Victim Blaming

Victim Blaming

I have often wondered why it is so easy to fall into victim blaming. I have never understood why victims are drug through the mud. This reaction happens in society and within the church, which should be the safest place to share our burdens without being cast aside. When a sexual assault victim comes forward and tells their story years later, they are asked why they didn’t report it at the time, why they hid it or even questioned about their motivation for sharing now. When a person reports being raped, they are often asked if they were sober, why they were alone and questions such as what were they wearing or if there was anything they think they could have done differently to prevent the attack. When a domestic violence victim shares their story, they are asked why they haven’t left yet. Since the responses are pretty similar from society and the church, I wonder why. Aren’t we called to respond differently than the world?

 

Society responds with victim blaming because it is easier than facing the ugly truth. Rape culture is not only the socially acceptable norm but also encouraged by the entertainment industry, advertising industry and mass media. I could spend hours on my soapbox about the detrimental effects of pornography on all of this but I want to focus on the Christian perspective. Job gives us great examples of victim blaming and how God deals with it. How do we as Christians today encourage victim blaming? By responding with automated Christian band-aid responses, by giving our youth mixed messages and by not addressing problems within the church.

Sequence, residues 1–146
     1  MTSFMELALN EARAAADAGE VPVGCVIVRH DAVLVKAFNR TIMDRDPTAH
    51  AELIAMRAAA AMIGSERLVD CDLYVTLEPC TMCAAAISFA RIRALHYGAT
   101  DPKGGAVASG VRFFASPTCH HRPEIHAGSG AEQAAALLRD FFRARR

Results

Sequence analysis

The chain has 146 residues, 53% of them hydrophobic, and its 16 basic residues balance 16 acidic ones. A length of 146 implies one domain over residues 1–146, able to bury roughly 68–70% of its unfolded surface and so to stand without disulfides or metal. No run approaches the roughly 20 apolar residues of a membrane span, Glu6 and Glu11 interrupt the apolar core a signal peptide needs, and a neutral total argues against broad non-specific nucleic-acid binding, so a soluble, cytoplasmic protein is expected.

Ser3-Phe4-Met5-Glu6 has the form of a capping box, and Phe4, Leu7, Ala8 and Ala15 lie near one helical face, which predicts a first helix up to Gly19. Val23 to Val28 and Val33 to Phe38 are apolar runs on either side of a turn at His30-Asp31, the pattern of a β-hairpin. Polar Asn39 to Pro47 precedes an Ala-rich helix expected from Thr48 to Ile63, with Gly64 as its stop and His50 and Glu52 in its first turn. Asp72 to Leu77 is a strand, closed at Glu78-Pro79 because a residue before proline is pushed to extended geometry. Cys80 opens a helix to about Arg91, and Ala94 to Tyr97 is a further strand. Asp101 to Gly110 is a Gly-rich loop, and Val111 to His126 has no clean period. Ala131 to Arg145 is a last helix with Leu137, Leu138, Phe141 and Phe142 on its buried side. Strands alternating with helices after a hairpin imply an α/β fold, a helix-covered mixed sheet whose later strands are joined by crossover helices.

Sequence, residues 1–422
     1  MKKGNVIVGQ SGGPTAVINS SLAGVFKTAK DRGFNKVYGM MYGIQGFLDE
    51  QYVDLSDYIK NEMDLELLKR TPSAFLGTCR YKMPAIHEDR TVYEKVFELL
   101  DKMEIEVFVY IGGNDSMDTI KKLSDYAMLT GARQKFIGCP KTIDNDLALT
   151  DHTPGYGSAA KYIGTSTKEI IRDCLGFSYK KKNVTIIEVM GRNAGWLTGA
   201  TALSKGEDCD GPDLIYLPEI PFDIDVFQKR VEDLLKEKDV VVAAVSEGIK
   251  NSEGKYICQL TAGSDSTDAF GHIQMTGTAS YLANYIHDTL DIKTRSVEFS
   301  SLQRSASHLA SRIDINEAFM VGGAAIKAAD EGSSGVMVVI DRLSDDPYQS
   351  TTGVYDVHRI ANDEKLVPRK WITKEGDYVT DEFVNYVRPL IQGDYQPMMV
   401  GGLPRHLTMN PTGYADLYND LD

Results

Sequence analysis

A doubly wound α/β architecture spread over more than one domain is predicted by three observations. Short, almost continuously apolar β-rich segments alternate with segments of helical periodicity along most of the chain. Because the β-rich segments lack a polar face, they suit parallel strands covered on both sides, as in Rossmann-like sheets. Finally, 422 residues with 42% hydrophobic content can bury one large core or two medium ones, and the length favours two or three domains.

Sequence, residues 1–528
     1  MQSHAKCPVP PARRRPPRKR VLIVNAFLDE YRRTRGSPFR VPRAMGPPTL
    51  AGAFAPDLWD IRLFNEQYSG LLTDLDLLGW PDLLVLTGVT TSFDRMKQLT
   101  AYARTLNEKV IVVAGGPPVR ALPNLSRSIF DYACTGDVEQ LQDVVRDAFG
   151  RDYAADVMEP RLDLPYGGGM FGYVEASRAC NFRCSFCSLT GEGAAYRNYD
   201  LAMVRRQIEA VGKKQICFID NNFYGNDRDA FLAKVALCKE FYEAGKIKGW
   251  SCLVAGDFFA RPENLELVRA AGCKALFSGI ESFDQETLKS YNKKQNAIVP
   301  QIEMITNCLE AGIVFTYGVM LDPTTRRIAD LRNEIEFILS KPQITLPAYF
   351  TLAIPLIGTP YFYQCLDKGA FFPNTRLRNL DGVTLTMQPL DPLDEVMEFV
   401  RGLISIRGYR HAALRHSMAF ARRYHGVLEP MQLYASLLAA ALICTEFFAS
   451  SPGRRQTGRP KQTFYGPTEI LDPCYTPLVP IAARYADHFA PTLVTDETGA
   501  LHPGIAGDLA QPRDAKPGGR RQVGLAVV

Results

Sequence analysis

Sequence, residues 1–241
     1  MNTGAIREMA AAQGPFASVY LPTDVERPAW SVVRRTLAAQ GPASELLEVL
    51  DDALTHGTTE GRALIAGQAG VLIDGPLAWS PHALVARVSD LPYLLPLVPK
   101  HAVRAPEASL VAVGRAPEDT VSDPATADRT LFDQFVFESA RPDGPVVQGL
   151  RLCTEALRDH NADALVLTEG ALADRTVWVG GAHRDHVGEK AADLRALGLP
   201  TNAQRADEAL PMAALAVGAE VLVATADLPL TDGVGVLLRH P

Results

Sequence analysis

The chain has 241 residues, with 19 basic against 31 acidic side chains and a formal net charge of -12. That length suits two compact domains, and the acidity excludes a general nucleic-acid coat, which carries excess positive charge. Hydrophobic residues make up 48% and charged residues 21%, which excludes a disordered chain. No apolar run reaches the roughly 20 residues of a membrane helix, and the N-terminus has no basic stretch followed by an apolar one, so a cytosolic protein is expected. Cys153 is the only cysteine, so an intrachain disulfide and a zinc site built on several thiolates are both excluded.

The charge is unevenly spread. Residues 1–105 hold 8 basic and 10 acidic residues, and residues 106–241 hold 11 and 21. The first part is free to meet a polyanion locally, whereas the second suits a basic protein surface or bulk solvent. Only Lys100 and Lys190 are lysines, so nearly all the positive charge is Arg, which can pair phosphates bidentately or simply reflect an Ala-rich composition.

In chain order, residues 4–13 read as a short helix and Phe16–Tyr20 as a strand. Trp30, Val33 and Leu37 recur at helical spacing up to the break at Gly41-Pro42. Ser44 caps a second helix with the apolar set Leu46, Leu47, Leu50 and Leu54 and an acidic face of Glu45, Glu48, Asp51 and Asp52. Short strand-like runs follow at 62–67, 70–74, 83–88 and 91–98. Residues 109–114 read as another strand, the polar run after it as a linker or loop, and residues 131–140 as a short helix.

The worldly view is that people get what they deserve and they deserve what they get. As Christians, we don’t have to believe that. We can take comfort in the fact that God doesn’t give us what we deserve (THANK GOD!) and that He has a plan for everything. Being a Christian doesn’t ensure that we will have a stress free, perfect life. Being a Christian gives us the confidence that we can endure those trials because we are not alone, that God is our strength and our source of comfort. Christian financial guru Dave Ramsey frequently throws the Proverbs dagger that the righteous are prosperous and that poor people are lazy. Well meaning Christians often tell their peers to pray harder and to have more faith when facing tough circumstances. When we say this to people, it can be misunderstood that their lack of faith is why they are struggling. People may internalize this and convince themselves that they don’t believe enough or they don’t have enough faith and that this is the source of their trouble. That may not be what we mean when we say those “encouraging” things but it is often what is heard. I think most of us are guilty of using well meaning, automated Christian responses. We intend to direct people to God as a source of comfort, peace and encouragement but sometimes we actually push them further away. Unknowingly, we are encouraging the victim blaming mentality by using these words as a Christian band aid to all problems. Don’t misunderstand what I’m saying here...We should absolutely encourage people to pray and to have faith, but we must do so in a way that does not imply that their lack of faith or prayer is to blame.